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sapphireamira
Aug. 4, 2011, 11:27 PM
I have recently aquired a TB gelding registered as "Gone Missing". He is an 8yr old KY bred foaled May 4th 2004. His sire is Pine Bluff and Dam is Iman. He was retired in January 2010 because of a suspensory injury after a claiming race at Aqueduct. He is a wonderful horse and has fit right in at my barn. I am currently getting him back in shape to do the low level hunters. If anyone has any information on him I would really appreciate it. Thanks!

harvestmoon
Aug. 4, 2011, 11:32 PM
You can view his race record here:

http://www.equibase.com/premium/eqbHorseInfo.cfm?refno=7185131&registry=T

:)

harvestmoon
Aug. 4, 2011, 11:38 PM
Also, fun fact, his last owner (while racing) was Mike Repole - owner of Uncle Mo, Stay Thirsty, etc. :)

tradewind
Aug. 5, 2011, 07:13 AM
Not about your horse, but a friend of mine has a gelding by Pine Bluff..He is quite athletic and has a nice mind. She loves him. She does lower level eventing.

sapphireamira
Aug. 7, 2011, 08:29 PM
I have checked his race record and he did pretty well for himself. I am happy to know that Pine Bluff puts out some atheletes. I actually took him on a Hunter Pace yesterday and he was pretty great. He needs alot more muscling, especially his hind quarters, but going up some of those hills I could feel why he was fairly successful, it was very cool. He has started over some fences and is still learning how to use his body but is incredibly willing. My main issue is that I want to make sure he stays sound, because he did come off the track January 2010 with a pulled suspensory. He was given 9 weeks stall rest I was told and from everything I have seen the tendon has reattached itself to the bone and there is very minimal scar tissue. I may have him ultrasounded just to be sure. Does anyone have advice on bringing a horse back from a pulled suspensory? It has been about a year and a half since it happened and he has shown no signs of it bothering him. Also all you TB people any advice on what to use as far as a good feed regime? I currently have him on a basic sweet feed in addtion to the Sentinel Grow and Xcel and I am going to be adding in Nutrena Empower Boost. :)

equine08
Aug. 8, 2011, 06:09 PM
Assuming you are referring to a low suspensory injury. The best thing you can do to prevent aggravation of the old injury is to make sure your farrier gets his hooves balanced and to the proper angle. It is very common on the racetrack for the hooves to be long and low. The low angle creates a biomechanical stress and places the hind foot forward more towards the underbelly instead of properly supporting the hind limb. When fatigue or a misstep in bad footing then puts additional stress on the limb, the suspensory ligament is put at risk. Once you have a suspensory injury, you almost universally need to keep shoes on a horse to maintain the hoof angle.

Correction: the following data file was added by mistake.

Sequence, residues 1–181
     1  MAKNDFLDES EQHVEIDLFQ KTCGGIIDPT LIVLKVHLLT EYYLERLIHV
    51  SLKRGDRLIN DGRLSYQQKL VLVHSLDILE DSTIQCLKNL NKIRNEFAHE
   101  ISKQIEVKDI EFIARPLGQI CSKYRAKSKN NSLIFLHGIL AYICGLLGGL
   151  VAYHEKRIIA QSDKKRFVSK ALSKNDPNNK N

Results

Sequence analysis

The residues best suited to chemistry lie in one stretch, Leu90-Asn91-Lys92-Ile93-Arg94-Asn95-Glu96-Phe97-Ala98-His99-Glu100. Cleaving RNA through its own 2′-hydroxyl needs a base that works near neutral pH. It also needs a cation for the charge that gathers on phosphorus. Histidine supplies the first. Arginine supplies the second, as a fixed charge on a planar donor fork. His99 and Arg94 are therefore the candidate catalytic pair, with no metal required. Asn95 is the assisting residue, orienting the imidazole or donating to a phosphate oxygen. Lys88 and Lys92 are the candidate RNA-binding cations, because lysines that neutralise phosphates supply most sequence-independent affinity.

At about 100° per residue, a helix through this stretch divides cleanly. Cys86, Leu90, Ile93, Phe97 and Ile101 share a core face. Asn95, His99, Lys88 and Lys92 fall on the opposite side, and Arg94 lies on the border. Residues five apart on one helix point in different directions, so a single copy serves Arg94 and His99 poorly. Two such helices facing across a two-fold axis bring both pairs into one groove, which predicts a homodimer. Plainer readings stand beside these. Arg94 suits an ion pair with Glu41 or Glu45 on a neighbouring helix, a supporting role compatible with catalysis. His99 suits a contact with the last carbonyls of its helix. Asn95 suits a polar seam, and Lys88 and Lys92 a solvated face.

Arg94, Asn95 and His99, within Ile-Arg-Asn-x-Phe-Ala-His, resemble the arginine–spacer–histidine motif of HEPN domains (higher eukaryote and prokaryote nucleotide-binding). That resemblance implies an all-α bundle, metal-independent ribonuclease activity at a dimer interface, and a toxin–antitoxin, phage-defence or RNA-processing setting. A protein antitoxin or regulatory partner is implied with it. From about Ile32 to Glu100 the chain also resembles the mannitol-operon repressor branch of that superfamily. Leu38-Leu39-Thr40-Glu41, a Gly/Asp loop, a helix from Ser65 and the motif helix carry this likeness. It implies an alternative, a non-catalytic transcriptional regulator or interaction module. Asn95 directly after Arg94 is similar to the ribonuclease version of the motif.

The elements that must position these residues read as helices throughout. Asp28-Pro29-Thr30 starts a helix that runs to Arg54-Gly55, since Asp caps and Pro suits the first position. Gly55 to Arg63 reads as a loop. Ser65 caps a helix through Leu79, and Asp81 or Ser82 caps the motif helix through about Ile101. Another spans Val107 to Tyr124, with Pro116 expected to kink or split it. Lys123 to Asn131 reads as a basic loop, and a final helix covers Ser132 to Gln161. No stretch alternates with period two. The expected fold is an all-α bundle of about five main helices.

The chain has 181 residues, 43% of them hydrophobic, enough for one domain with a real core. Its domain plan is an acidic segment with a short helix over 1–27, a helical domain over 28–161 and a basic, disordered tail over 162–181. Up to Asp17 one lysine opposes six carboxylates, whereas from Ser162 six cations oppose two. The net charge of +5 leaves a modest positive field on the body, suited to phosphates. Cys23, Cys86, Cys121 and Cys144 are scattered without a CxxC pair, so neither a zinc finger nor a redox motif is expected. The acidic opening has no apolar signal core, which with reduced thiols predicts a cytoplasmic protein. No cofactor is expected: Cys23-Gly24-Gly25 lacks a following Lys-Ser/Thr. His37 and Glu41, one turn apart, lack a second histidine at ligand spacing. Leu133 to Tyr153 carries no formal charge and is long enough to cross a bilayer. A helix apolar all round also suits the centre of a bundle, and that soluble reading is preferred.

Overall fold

Additionally, you should monitor the suspensory for heat and tenderness as they would do in a racing barn. Your vet can show you how, but essentially you just need to lift the leg and gently palpate the suspensory for any signs of tenderness. If you find any heat or tenderness the best thing for your horse is to stop training. You can always go forward again if you properly treat a minor flare up.

Be cautious with hills. Your horse may be willing but its important to gradually strengthen the suspensory for the different hill requirements.

Good Luck!!!

kcmel
Aug. 9, 2011, 10:36 AM
You should post your info on Uncle Mo's facebook page. MR could get back to you with some info--who knows? Good luck with him; he sounds like a nice one!

sapphireamira
Aug. 12, 2011, 08:20 PM
Thank you for the advice on the suspensory. His injury was actually a mid suspensory injury, which from what I am told is the best place for the injury to take place if it is going to happen. He has shown no signs of any tenderness which is good and I have to keep front shoes on him regardless because he's a delicate flower when it comes to his feet and can barely walk without shoes, slapped the shoes on him and the difference was instant. At this point my farrier did not feel that he needed eggbars or a reverse shoe so he just has a generic shoe on and is doing great.